Changing Frequency Speeds Phosphor Light Emission
PROVIDENCE, R.I. — A technique for controlling light from phosphors at very high speeds could overcome the materials' slow optical performance, potentially enabling their use in optical communications.
Phosphors are common light emitters used in light bulbs, LEDs and elsewhere. While they are extremely efficient, they can't be turned on and off very quickly, which has essentially prohibited their use in applications where rapid optical modulation is required.
Using phase-change materials, researchers from Brown and Harvard universities have found a way to modulate light from phosphor emitters significantly faster than under typical conditions. Courtesy of the Zia Lab/Brown University.
Now researchers from Brown and Harvard universities have demonstrated an approach to modulation using phosphors that is much faster. By leveraging the phase-change of a vanadium dioxide (VO2) nanolayer, the team demonstrated broadband all-optical direct modulation of 1.5-μm emission from trivalent erbium ions more than three orders of magnitude faster than their excited-state lifetime.
"Instead of changing how much light is coming out, which can only be done slowly in phosphor emitters, we came up with a system that changes another quality of that light, namely the color or spectrum of light emission, by rapidly changing the environment around the emitter," said Rashid Zia, associate professor of engineering and physics at Brown. The work was led by Sebastien Cueff, a postdoctoral researcher in Zia's lab.
VO2 is a phase-change material that, when pumped with energy, changes very quickly from a transparent insulating state to a reflective metallic state. This change in reflectivity, in turn, alters how nearby erbium ions emit light.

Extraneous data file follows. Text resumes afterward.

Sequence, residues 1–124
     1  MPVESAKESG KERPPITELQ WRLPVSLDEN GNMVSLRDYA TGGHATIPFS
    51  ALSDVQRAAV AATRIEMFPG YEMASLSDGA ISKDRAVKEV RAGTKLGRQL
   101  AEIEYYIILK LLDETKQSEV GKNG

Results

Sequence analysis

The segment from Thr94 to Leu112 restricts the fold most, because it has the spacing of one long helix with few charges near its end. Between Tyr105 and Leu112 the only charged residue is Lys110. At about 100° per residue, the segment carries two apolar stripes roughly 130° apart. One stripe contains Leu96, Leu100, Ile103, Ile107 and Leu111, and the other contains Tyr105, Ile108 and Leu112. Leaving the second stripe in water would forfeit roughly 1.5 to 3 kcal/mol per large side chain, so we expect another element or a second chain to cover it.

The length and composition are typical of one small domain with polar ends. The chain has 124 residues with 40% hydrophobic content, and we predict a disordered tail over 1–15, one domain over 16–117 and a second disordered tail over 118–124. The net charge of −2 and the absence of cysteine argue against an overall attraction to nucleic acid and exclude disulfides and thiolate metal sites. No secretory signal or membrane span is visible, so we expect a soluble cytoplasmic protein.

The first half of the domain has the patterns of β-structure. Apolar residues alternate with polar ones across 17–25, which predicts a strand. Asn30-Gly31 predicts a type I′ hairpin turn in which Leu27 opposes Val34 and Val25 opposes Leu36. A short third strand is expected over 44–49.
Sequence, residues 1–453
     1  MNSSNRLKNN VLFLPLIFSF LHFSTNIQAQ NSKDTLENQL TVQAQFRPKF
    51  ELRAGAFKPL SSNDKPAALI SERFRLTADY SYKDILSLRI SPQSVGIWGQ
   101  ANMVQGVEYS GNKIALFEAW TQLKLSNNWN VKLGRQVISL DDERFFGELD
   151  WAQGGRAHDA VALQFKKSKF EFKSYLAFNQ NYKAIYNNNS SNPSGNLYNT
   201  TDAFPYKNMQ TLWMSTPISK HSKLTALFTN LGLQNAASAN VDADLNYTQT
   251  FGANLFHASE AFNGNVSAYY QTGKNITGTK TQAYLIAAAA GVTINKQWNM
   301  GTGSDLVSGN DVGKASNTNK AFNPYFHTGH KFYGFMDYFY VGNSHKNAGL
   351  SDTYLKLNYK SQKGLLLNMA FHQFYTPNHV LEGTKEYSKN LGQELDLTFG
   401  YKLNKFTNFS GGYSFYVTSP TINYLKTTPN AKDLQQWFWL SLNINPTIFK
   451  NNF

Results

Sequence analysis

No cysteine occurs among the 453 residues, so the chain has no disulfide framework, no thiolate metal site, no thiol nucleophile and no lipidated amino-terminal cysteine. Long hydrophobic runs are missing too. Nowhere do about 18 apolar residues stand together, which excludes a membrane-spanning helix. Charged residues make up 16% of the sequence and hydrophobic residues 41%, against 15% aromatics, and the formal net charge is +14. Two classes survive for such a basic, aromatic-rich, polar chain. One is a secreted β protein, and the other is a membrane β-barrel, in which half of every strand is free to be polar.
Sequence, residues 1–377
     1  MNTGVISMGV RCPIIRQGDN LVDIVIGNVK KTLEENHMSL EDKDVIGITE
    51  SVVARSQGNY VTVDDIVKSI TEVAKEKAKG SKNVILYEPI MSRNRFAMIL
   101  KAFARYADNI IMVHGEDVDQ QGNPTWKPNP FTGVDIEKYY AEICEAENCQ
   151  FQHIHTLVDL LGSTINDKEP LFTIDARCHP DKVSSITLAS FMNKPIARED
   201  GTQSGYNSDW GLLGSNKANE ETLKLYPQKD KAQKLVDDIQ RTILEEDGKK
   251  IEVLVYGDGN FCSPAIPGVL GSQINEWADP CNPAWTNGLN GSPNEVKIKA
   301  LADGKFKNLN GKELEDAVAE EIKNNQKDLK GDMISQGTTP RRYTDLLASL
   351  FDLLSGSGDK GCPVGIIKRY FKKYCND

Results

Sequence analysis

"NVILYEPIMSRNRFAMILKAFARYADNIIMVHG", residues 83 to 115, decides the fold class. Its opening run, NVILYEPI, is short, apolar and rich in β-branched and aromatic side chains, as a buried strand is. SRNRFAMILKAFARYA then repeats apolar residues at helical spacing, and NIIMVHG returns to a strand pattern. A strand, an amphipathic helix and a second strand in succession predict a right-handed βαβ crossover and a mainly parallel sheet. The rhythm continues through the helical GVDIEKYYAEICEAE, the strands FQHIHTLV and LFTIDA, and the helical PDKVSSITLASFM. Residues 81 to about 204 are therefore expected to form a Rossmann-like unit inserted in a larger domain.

As the VO2 changes phase, the erbium emissions go from being generated mostly by magnetic dipole transitions (the rotational torque push and pull of magnetic forces) to being generated mostly by electric dipole transitions (the linear push and pull of electric forces). Those two emission pathways have distinct spectra, and the modulation back and forth between the two can be used as a means to encode information.
Optical modulation is used in silicon-based nanoscale devices such as computer chips and other optoelectronic components. Prototype on-chip networks have used semiconductor lasers as light emitters, which can modulate very quickly but can't be grown directly on a silicon chip, making fabrication difficult. Semiconductor lasers are also not particularly efficient, producing a lot of heat along with light, which can be problematic on a silicon chip.
Erbium and other phosphors, on the other hand, can be deposited directly on silicon and produce far less heat.
While the phosphor emitters are still too slow for on-chip applications, Zia and his team are examining faster means of changing the VO2 phase. In this initial experiment, the researchers used a laser to zap the VO2, but future experiments may employ electricity instead.
The work was published in Nature Communications (doi: 10.1038/ncomms9636).
- A sub-field of photonics that pertains to an electronic device that responds to optical power, emits or modifies optical radiation, or utilizes optical radiation for its internal operation. Any device that functions as an electrical-to-optical or optical-to-electrical transducer. Electro-optic often is used erroneously as a synonym.
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